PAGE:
Question by Paul: econ majors help me!?
can anyone tell me the strength and weakness of this subsidy?
WASHINGTON — Imports of processed French fries from Canada depressed prices for the 2003 potato crop, the U.S. Department of Agriculture ruled, and Idaho potato farmers stand to receive government aid payments as a result.
The department last week approved and is expected today to certify a petition by the Potato Growers of Idaho stating that imports of Canadian French fries depressed Idaho fresh-market prices by more than 21% in the 2003 season. The import flood was another blow to an industry already hurting from the low-carb diet craze and a slowdown in the expansion of fast-food restaurant chains, which sell about 90% of the fries consumed in the U.S.
“The last several years have been very brutal for growers in the fresh market,” said Paul Patterson, an agricultural economist at the University of Idaho. The government aid, called trade adjustment assistance, would have no affect on current potato prices, he said.
Trade adjustment assistance, long available to manufacturers hurt by foreign competition, was expanded by Congress to include farmers in 2002. It allows producers to receive up to $ 10,000 in cash as well as technical and marketing training if they can demonstrate to the Department of Agriculture’s satisfaction that foreign countries hurt domestic prices. Petitions are made by individual states.
Idaho growers who sell potatoes in the fresh market have 90 days starting today to apply at their county’s Farm Service Agency to participate in the program.
Once growers are approved for the assistance, they can receive cash benefits based on their production, according to Dennis Fiess, a trade adjustment assistance specialist at Washington State University. The payment comes to 3.5 cents per hundred pounds of potatoes, and Idaho’s Farm Service Agency expects the estimated 285 eligible farmers to collect a total of roughly $ 1 million. There were 818 potato farms in Idaho in 2002, according to the Idaho Agricultural Statistics Office.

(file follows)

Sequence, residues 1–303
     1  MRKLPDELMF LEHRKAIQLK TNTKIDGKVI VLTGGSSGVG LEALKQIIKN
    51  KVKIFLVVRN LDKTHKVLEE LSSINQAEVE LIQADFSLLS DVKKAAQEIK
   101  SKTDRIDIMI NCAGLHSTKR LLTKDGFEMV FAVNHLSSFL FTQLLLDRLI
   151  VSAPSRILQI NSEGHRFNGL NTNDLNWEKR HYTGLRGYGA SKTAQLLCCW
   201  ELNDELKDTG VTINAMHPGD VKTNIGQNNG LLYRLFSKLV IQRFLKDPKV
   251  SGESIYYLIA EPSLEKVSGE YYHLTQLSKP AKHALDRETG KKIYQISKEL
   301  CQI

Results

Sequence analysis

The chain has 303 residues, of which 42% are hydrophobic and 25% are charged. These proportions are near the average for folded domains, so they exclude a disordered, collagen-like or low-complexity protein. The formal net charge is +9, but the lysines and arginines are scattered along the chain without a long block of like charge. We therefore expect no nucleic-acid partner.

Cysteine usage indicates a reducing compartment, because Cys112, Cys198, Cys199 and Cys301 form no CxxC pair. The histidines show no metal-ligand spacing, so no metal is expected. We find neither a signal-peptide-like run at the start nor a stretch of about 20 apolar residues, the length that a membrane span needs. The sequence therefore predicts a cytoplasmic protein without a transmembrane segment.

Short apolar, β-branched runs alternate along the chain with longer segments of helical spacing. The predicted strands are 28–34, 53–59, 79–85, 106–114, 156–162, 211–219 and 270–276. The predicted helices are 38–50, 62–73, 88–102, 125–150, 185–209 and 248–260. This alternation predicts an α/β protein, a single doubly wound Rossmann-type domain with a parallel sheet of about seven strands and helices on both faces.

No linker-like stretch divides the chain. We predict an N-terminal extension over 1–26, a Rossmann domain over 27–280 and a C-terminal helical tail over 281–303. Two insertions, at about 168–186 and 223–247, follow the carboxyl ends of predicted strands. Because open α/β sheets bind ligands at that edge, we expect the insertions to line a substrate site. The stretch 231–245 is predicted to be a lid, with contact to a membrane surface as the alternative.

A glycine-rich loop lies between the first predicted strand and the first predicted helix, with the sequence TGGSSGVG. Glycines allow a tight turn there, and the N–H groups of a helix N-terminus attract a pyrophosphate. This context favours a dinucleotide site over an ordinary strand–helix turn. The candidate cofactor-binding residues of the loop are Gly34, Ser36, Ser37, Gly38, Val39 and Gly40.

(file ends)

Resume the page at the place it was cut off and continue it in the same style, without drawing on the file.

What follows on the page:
Idaho produced 12.3 billion pounds of potatoes in 2003, down from 13.3 billion in 2002. Production rebounded to 13.2 billion pounds in 2004.
Agriculture experts and Idaho growers said imports of processed French fries from Canada surged 24% to 1.72 billion pounds in 2003, displacing 670 million pounds of Idaho potatoes. The fresh potato price dropped to 3.85 cents per pound in the 2003 season, from the five-year average price of 4.9 cents per pound
The government program’s cash benefits will soften the blow of the French fry imports, but in terms of the overall cost for farmers it may not help much, Idaho farmers say. “It’s a drop in the bucket for any average potato farmer’s cost,” said Keith Esplin, executive director of the Blackfoot, Idaho-based Potato Growers of Idaho, who brought the petition. “It won’t anywhere near begin to make up for his losses.”
Mr. Fiess will be working with Foreign Agricultural Service and Idaho farmers to come up with “shotgun” business training for the farmers. It will include workshops, some available over the Internet, on such basic business-management skills as using a balance sheet and cash-flow statement.
“We’re not going to provide them with an M.B.A.,” said Mr. Fiess. “It’s more of an overview.”
Answer by Jurijs Fadejevs
As for any subsidies – it demotivates development (efficient resource utilization) from one side, and helps to survive and protect some local interests under pressure of predationary policy – from another.
What do you think? Answer below!